The assumption that excerpting only three or four paragraphs, without substantial additional commentary, is "fair use" is based on the legal concept of "de minimis", and was the legal foundation for other fair use arguments including musical sampling. Sadly, the courts have ruled that de minimis is really not a legal defense against these kinds of suits ( Bridgeport Music, Inc. v. Dimension Films, Harper & Row, Publishers, Inc. v. Nation Enters, Grand Upright Music, Ltd. v. Warner Bros. Records, Inc). Excerpting even a one second audio track, or one paragraph of a publication, is sufficient to trigger damages if the excerpted material adds substantial value to the new work, or the new work lacks any substantial value of its own.

I just re-checked those top 10 again. Not counting this thread, only ONE of the first 10 articles had enough original information to make a valid fair use argument. The rest are all infringing on someones copyright.
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DeSwiss Donating Member (1000+ posts) Send PM | Profile | Ignore Wed Aug-11-10 06:04 PM
Response to Reply #67
77. Thank you. ;-) n/t
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JCMach1 Donating Member (1000+ posts) Send PM | Profile | Ignore Wed Aug-11-10 06:30 PM
Response to Reply #67
79. Replies to posts can also be construed as criticism and commentary...
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MineralMan Donating Member (1000+ posts) Send PM | Profile | Ignore Wed Aug-11-10 04:03 PM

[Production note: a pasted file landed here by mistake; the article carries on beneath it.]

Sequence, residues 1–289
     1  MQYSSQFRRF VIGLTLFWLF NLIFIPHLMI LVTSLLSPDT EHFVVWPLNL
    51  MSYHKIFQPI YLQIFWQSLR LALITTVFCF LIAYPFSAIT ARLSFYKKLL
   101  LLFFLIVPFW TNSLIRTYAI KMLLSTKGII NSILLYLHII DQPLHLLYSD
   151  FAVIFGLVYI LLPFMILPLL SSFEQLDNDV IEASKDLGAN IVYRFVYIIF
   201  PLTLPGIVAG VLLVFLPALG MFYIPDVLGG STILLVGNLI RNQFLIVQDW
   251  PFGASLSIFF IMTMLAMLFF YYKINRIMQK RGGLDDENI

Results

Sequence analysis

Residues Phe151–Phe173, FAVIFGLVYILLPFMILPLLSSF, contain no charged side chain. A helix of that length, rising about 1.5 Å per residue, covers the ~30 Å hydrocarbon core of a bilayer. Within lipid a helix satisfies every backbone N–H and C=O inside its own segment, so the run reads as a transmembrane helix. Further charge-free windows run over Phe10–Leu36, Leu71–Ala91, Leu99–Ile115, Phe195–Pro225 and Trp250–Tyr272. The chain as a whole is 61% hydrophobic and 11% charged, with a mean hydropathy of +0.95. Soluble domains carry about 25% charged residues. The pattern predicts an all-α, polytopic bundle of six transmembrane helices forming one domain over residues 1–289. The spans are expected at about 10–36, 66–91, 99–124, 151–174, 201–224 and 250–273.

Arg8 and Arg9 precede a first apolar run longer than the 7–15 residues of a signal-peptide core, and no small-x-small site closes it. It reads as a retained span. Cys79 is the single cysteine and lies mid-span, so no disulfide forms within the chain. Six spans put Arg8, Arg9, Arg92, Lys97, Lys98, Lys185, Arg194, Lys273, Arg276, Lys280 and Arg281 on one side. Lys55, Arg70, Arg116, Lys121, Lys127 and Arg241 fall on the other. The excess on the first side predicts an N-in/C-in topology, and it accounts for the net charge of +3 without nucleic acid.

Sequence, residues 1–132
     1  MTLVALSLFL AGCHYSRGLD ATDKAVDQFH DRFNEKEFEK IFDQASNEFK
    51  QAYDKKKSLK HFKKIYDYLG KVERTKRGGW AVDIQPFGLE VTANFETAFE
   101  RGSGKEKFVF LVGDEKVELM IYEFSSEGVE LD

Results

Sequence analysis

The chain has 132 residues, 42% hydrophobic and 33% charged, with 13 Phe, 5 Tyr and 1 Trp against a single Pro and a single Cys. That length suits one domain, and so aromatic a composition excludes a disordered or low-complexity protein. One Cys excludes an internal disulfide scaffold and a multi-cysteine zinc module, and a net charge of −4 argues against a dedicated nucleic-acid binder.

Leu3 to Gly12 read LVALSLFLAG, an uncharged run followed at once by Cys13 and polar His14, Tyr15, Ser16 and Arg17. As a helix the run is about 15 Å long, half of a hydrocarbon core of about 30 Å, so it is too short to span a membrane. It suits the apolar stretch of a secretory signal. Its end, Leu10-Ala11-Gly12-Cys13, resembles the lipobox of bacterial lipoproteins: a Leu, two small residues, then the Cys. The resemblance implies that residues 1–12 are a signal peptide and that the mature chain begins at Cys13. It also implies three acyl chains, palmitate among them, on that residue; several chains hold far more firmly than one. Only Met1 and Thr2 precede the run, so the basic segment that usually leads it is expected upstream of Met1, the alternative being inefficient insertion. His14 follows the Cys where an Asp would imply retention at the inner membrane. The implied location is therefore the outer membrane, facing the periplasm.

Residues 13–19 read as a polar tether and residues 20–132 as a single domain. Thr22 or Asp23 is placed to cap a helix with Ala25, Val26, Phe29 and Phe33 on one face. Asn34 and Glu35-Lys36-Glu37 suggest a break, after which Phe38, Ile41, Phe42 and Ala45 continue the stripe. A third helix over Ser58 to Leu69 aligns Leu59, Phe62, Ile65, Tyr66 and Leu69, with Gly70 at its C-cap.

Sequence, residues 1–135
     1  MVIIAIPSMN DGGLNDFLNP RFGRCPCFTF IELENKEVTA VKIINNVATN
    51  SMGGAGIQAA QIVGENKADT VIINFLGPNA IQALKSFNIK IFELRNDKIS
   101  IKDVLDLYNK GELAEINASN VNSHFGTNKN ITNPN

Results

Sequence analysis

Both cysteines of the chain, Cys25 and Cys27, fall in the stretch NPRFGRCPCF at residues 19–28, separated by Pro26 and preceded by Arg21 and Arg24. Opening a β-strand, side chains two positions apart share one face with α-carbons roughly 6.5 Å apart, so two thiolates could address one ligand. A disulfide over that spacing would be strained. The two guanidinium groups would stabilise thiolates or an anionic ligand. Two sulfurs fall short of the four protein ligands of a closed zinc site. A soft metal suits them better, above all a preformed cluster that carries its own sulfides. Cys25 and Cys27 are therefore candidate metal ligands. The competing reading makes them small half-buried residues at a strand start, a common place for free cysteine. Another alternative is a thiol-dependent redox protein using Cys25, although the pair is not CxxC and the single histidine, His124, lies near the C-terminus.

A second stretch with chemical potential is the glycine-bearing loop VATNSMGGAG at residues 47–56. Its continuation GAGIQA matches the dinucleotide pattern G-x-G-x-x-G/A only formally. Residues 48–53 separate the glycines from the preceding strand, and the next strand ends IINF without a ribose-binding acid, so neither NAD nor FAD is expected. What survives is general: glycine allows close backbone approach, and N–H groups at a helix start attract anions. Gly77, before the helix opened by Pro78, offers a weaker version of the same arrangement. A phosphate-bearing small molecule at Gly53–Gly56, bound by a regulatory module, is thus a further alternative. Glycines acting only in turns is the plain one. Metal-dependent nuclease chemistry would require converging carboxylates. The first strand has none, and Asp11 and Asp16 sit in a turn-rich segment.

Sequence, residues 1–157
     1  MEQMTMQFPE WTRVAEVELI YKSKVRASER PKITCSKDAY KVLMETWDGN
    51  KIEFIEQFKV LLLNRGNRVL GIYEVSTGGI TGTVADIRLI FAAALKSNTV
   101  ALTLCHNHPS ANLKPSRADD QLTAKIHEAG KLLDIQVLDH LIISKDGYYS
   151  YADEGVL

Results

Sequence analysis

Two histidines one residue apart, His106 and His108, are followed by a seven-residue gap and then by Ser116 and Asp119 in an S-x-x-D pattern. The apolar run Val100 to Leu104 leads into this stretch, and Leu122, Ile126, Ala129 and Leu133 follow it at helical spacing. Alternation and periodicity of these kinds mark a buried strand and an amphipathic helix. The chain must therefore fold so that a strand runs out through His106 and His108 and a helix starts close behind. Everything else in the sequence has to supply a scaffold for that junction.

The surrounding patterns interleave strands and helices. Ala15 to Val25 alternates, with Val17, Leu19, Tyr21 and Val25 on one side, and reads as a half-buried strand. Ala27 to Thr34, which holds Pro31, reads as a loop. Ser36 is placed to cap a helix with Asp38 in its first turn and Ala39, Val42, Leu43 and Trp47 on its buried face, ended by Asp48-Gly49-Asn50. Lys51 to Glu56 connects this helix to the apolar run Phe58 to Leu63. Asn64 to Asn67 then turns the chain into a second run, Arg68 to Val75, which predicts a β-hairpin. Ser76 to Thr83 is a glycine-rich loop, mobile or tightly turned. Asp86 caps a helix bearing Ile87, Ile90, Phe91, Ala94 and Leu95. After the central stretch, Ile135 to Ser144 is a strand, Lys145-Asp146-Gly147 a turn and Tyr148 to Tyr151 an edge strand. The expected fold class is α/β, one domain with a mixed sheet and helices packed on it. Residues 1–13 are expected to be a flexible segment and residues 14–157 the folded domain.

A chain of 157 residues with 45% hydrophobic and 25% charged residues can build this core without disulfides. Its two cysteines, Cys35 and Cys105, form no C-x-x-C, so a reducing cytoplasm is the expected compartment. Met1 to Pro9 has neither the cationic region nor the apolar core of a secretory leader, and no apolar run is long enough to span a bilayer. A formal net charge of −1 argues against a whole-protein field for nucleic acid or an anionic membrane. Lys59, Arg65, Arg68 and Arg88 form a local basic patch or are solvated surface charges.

Response to Reply #17
54. Righthaven won't lose.
A case like this cost Free Republic a pile. If the copyright-protected material appears on the site without permission, the site loses. There's not really a good defense. And if you think there are not entire news articles posted here, despite the rule about excerpting, you haven't been looking very hard. I see them every day. Hereafter, though, I'll alert on every one of them. I want DU to survive and thrive.

The free ride on other people's writing is about to come to an end. This is just the beginning. I guarantee it.
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sabrina 1 Donating Member (1000+ posts) Send PM | Profile | Ignore Wed Aug-11-10 06:18 PM
Response to Reply #54
78. Bullshit, this discussion is an old one and has been resolved
on many blogs with the advice of attorneys. Most linked articles BENEFIT advertisers. When someone uses an excerpt with a link and people go to that link, which is required for fair use, then that publication and their advertisers benefit. It is the equivalent of free advertising and no one in their right mind will kill that kind of revenue. Everyone WANTS to be linked to so long as they are given credit for their work.

Linking is currency online and it will never go away. Every once in a while there will be scumbags like this doing the equivalent of attempted highway robbery.

It's doubtful they will prevail, because they skipped the first step in a copyright case. They never asked that the material be removed. That generally settles the matter. They're going to look foolish when they get to court and cannot point to the 'evidence' since most people will have removed that material. End of story. The courts don't like having their time wasted when there is a simple solution.

See what just happened to Orly Taitz for her constant filing of lawsuits, and she's not the first.